“It’s a hockey play,” Canada’s coach said. “The size between the two players is a big factor. I won’t lie, I didn’t review the clip 22 times, just saw it and moved on, nothing we can do about it. We don’t want, obviously, a hit to the head, but I think it was a hockey play. I don’t think he meant any harm to the opponent.”

Moncton’s Jordan Spence, a healthy scratch against the Germans, will draw into the lineup.

Despite the 16-2 win last night, Tourigny still highlighted areas where he feels Team Canada can improve.

“We have a lot of little things, little habits from our face-off routes to our net presence to our reloading, a lot of details we need to get better at during the tournament,” Tourigny said. “The spirit of the players this morning is really good. The players have good energy. I like their focus. They’ve stayed grounded so that’s important.”

Slovakia, meanwhile, is feeling confident after shutting out Switzerland 1-0 on Christmas Day.

“We battled hard for a whole 60 minutes,” said coach Robert Petrovicky. “We played for each other and especially at the end of the game we blocked lots of shots. It was a team effort.”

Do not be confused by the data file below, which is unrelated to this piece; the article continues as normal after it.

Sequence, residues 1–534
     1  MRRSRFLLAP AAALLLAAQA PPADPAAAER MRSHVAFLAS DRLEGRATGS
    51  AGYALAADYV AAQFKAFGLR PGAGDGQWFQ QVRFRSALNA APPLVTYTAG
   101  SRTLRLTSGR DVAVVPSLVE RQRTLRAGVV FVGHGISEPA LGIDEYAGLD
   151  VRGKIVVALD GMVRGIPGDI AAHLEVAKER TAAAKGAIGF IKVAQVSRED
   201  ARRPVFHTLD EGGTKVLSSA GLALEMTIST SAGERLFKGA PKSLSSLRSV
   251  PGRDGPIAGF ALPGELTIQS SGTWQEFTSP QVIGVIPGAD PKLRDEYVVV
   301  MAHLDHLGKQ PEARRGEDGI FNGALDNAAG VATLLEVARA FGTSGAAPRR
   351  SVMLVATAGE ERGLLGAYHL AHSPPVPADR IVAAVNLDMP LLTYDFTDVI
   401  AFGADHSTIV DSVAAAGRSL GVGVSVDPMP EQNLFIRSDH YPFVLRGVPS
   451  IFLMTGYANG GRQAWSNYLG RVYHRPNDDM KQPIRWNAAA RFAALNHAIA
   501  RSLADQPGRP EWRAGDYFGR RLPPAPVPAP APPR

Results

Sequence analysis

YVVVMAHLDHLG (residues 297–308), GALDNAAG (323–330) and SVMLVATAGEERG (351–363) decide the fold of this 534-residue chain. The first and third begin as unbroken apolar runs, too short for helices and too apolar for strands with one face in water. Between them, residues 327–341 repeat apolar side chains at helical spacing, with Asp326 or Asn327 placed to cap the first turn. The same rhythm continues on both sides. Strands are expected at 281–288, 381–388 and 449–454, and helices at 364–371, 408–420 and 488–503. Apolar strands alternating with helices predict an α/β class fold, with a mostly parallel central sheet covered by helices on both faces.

What’s the key tonight against Canada?

“We got to be concentrating as soon as the puck drops, especially early in the game,” he said. “The boys are ready. They’re excited. They’re prepared. We got to keep the spirit up and play hard for every shift.”

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Sinclair to lead Canadian women’s team in her fourth Olympics

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Christine Sinclair, the all-time international goal-scoring record holder, was named to her fourth Olympic squad on Wednesday and will headline a Canadian roster at the Tokyo Games that features a mix of veterans and youth.

Led by Sinclair, whose 186 goals for her country are the most by a female or male soccer player worldwide, Canada won medals at both the 2012 and 2016 Olympics and was the only nation to make the podium in both competitions.